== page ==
By Aznan Mat Piah
Last week I was happy to receive a complimentary copy of a latest book from my senior colleague Prof. Saodah Wok who is listed in the book as one of the editors.
“Ordinary Women Extraordinary Lives” – that’s the title of a book that contains a collection of 26 thematic essays written by a group of women, who between 1969 and 1971, attended one of Malaysia’s premier all-girls boarding schools, Tunku Khursiah College (most popularly known by the abbreviation TKC).
The male equivalent of this all-girls boarding school is Malay College Kuala Kangsar or MCKK. Just like MCKK, I have known TKC during my early days as an elite school where students are considered creme de la creme. Not surprising most of those who attended TKC later pursued good education in different fields of study and ended up venturing into successful careers, holding professional and leadership positions in the government sector, the universities / academia or the corporate sector.
Bonded in friendship and sisterhood during their early teens at the boarding school, the women had earlier planned writing a memory book about their college fraternity, reminiscing the times they spent together at the boarding school, and sharing their life-long experiences.
But one would quickly learn from the editors’ note that their very idea of writing the book had reignited a passion of writing from among them as they became intrigued with the idea. So, with great enthusiasm they wrote multiple essays on diverse subject matters that go beyond their college days, reflecting on their journeys of life after leaving the college, sharing their life-long experiences in their respective fields and professions they have ventured into, and touching on activities some are currently involved after retirement.
The book finally saw a collection of 26 thematic essays including an interview with the first woman Deputy Prime Minister (also TKC alma mater), apart from 11 essays reminiscing of their days at the boarding school, and eight stories documenting memories of those among their schoolmates who had earlier departed.
It carries a foreword by Tun Dr. Siti Hasmah Mohamad Ali, wife of former Prime Minister, Tun Dr. Mahathir Mohamad. In her message, Tun Hasmah says the book offers inspirations and motivation for women young and old. It is a book of exploration of journeys of a group of ladies groomed together in their teens, who made their lives fulfilled with ambitions and dreams.
Indeed, the book gives insights into these exceptional women. It reflects overall on success stories. It tells about sacrifices and tribulations that shaped their aspirations and destinations. They became leaders in politics, experts in their fields of research, champions of healthcare and sustainable environment, advocates of human rights, entrepreneurs with business successes, educators of distinction, and writers of passion.
They adhered to strong principles and teachings of Islam to influence their values and practice in their daily lives, in their work ethics and in their societal commitment to help others. Most of all, it reflects on their role as mothers of masterpiece families.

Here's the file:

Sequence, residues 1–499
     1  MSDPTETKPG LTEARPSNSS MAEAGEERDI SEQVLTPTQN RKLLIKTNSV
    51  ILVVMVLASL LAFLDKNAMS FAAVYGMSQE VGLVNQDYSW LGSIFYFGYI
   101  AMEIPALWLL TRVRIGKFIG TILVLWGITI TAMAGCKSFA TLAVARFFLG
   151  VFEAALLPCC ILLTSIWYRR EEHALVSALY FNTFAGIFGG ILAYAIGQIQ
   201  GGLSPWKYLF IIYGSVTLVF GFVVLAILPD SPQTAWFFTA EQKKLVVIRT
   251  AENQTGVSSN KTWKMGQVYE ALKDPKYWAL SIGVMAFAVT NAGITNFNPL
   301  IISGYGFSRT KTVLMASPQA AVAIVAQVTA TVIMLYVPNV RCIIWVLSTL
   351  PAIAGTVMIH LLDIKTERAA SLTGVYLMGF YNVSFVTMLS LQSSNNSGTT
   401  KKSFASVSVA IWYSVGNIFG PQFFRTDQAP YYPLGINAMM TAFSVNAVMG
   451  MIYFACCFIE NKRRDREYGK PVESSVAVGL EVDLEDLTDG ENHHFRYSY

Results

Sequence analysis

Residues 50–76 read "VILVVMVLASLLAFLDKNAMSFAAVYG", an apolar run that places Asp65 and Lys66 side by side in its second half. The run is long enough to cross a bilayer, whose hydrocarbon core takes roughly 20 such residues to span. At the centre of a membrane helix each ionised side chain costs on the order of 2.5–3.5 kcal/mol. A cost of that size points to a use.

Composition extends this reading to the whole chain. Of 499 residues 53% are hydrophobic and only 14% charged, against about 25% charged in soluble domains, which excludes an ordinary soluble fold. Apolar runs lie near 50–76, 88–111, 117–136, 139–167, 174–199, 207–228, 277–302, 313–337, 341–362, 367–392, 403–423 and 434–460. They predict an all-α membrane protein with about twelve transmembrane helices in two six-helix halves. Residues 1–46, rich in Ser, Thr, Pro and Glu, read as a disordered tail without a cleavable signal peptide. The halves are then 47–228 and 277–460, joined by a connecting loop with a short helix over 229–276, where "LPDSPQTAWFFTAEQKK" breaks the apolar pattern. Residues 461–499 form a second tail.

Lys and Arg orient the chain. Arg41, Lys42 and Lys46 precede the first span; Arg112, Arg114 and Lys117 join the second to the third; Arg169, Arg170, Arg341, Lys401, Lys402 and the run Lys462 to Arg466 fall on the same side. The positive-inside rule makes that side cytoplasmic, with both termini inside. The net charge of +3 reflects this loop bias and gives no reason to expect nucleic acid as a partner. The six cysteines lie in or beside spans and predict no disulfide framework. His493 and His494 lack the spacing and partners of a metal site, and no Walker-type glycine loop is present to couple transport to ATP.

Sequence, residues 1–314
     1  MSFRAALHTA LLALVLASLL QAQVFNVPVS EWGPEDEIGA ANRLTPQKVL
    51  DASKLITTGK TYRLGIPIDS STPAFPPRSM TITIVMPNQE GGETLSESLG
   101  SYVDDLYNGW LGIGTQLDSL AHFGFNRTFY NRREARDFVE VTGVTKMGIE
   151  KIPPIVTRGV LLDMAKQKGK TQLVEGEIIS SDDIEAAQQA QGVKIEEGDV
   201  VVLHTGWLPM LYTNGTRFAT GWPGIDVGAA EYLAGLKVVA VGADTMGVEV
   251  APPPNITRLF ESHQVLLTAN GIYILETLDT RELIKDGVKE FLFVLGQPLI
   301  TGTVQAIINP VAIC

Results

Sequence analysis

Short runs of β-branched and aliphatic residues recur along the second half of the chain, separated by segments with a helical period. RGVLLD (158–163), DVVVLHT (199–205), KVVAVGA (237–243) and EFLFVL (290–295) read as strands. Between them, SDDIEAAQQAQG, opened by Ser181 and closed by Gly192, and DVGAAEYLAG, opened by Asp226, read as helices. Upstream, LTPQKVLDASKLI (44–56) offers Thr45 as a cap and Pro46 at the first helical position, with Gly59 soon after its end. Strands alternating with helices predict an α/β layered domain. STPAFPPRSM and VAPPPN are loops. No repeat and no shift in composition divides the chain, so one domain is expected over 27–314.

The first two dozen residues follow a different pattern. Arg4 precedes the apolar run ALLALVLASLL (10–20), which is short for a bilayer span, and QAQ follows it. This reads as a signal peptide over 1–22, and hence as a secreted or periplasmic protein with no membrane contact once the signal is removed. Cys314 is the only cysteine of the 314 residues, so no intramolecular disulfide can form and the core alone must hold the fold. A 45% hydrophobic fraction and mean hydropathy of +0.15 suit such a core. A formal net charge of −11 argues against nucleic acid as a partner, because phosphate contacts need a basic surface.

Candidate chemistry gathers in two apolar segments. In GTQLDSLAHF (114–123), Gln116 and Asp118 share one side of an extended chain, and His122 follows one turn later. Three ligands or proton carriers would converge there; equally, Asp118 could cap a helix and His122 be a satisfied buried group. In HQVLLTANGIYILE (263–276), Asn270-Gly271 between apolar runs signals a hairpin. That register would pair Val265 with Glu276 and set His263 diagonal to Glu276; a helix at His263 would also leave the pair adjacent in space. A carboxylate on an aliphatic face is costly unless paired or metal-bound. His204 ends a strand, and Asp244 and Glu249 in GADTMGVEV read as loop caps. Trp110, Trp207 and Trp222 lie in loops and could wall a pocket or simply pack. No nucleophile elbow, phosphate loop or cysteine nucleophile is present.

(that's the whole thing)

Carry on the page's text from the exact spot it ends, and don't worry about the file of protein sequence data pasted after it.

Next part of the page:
I found all the articles beautifully written reflecting their early beginnings, from kampung, bandar and istana, their life-long experiences and encounters in career and professional involvement after leaving TKC. They shared experiences in pursuit of knowledge at universities and institutions at home and abroad. They reflected on hard work, disciplines, dedication and commitment they had acquired from their days at the boarding school.
Interestingly, an article shared on working and living experience in a zone of war and conflict in Pakistan, Afghanistan, Vietnam and Cambodia reminds mankind of the atrocities and the value of peace. While another wrote about a journey on Trans-Mongolian Express from Beijing to Moscow sharing glimpses of village life as the train snaked across Gobi Desert and the Steppes. Yet another write-up shared an experience of being shipwrecked in the Indian Ocean while on a fishing trip close to Maldives. One shared her experience on obsessions, tribulations and challenges faced in politics, the syariah law and matters of family concerns.
A few shared experiences on their roles and challenges faced as academics including one portraying her desire to be an academic and an activist at the same time. There are also stories shared of being a teacher, an educator, a mentor and a trainer for teachers. Others are about sharing research experiences on agricultural crops like ginger, rice and chilli and on bio-diversity issues. One article shared about the journey of becoming a nuclear scientist. And another sharing is on a day in a dentist’s life. While another focused on the threat of COVID-19 pandemic and lockdown impact on mental and emotional state of the individuals.
Above all, the book has been able to capture feelings, passion and memories in the most concise and precise of words that were expressed so eloquently. Their write-ups somehow portray them as ordinary women, living extraordinary lives, and going the distance despite the odds and challenges faced in their profession and life.
The essence of the book lies in the friendship, the special bonding and the spirit of camaraderie that exists between the writers, the absence of which would not have materialised what they have set to achieve.
The book is highly recommended not only to the younger generation of women but men alike who would find it inspirational. It would be an eye opener to women of present generation in their aspiration to achieve greater heights in contributing towards mankind while simultaneously sustaining a full life amid trials and tribulations. ***